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Introduction
LTAD - a critique
Demands of the game
Profile of players
Functional screening
Resistance training
Speed and agility training
Integrated game conditioning
Periodisation
Content
Questions

Speed development - introduction and deceleration training

Eccentric strength

Eccentric strength requires training of the muscles during the lengthening phase of the muscle action. An example of an eccentric action would be the stretch shortening cycle (SSC) action used in jumping. In particular we see jump actions when the player jumps in a line out, fields a high ball, but all players are jumping in and out of contact or are jumping when changing direction. Eccentric strengthening exercises performed both bilaterally (double leg) and unilaterally (one side) will enhance eccentric strength and control.

Figure 5. Landing from a height requires eccentric landing muscular and proprioceptive control.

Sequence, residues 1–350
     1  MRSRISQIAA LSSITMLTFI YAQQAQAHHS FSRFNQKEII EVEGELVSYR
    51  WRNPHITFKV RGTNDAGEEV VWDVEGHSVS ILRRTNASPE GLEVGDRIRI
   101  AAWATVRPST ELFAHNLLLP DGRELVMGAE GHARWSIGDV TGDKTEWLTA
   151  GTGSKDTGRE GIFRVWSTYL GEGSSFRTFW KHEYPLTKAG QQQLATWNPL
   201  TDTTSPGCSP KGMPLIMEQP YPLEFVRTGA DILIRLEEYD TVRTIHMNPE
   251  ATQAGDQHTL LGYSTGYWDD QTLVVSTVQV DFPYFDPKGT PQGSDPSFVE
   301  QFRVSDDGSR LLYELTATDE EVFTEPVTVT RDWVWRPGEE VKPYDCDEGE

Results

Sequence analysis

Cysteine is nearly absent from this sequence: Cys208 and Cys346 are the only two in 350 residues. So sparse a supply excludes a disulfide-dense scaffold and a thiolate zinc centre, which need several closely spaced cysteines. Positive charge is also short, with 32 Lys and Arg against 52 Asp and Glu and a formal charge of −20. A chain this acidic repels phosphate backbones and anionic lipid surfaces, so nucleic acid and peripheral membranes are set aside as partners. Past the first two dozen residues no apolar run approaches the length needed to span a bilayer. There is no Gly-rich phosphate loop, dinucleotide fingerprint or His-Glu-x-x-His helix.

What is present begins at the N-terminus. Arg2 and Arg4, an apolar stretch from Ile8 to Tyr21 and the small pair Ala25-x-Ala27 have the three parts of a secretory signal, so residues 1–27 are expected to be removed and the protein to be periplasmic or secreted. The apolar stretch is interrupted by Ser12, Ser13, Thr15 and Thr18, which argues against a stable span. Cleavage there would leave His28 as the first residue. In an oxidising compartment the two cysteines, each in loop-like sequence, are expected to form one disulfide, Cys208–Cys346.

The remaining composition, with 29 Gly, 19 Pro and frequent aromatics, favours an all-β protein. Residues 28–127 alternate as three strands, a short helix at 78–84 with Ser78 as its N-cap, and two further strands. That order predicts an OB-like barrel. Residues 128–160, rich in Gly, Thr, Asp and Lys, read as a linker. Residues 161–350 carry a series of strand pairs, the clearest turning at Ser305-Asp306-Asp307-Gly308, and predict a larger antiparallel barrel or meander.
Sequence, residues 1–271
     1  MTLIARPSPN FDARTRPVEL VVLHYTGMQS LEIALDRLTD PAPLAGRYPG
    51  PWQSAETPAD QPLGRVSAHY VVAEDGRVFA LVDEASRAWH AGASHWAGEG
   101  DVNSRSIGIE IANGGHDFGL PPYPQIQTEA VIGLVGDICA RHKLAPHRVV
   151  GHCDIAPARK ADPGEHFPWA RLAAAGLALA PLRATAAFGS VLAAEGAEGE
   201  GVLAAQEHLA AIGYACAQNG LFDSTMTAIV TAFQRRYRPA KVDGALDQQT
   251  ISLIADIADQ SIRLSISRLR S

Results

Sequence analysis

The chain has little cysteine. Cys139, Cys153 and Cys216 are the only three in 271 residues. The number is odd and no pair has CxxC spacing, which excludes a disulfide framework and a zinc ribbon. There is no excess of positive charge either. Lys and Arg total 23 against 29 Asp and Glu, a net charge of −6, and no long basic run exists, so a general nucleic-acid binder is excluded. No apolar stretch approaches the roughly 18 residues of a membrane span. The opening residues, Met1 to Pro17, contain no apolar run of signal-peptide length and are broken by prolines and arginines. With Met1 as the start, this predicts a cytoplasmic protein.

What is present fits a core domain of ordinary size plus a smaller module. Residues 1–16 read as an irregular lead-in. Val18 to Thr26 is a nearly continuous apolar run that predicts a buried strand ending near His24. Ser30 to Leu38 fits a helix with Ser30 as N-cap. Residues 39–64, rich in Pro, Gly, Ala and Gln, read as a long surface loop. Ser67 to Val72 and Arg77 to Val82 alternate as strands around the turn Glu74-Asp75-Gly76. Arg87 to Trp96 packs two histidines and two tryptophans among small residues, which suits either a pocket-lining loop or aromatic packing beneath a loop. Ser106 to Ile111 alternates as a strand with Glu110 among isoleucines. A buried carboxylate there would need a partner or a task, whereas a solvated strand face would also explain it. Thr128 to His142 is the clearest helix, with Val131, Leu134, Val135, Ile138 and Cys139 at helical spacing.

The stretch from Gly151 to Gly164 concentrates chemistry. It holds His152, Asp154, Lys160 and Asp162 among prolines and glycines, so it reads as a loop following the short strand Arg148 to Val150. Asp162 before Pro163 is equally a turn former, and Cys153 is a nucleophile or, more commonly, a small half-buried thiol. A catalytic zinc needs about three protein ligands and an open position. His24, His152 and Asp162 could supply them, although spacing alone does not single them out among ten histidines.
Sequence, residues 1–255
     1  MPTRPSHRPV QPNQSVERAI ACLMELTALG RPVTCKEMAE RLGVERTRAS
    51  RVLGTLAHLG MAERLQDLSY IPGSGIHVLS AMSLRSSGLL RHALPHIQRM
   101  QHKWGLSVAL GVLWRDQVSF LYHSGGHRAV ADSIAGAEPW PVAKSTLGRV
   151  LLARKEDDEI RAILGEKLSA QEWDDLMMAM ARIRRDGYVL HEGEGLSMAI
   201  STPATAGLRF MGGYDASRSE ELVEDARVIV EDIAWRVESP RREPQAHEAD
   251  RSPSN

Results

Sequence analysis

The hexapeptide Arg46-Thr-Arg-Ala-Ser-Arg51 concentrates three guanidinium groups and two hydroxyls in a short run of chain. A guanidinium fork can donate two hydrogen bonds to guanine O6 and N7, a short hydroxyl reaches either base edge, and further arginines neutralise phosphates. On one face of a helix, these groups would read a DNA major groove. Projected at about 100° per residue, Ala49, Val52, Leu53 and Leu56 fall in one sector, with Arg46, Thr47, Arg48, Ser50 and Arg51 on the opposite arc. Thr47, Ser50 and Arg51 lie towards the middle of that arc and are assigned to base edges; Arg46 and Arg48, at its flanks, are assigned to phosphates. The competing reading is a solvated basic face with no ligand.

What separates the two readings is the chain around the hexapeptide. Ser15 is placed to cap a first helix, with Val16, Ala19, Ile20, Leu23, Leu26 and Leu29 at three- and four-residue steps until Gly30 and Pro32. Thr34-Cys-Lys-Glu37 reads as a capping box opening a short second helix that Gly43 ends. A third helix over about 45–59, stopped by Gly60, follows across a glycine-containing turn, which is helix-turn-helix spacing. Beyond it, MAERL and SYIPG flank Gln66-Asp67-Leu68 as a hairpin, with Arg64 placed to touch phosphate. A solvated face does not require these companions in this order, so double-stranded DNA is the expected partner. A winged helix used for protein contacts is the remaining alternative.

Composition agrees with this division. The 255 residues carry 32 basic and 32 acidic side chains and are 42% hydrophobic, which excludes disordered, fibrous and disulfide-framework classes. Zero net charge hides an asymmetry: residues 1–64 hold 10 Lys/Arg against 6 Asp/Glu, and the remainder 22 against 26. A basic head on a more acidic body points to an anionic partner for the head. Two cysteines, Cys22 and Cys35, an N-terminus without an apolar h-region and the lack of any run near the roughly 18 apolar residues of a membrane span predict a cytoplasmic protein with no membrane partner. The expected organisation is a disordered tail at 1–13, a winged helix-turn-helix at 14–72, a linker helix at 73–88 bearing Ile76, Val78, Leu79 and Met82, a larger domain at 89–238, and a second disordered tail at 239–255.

It is estimated that approximately 30% more weight can be controlled eccentrically than concentrically (Ellenbecker et al 1988, Wilson et al 1994). Eccentric focused strength training is recommended during the player’s periodised programme to effectively optimise strength balance. Figure 6 below shows a common resistance training exercise, the Romanian deadlift (RDL) being performed with a slow lowering action. This lowering action emphasizes the eccentric loading of the posterior chain muscles (gluteals and hamstring) which are important decelerators during many changes of direction in the game.

Figure 6. RDL emphasising lowering of the load.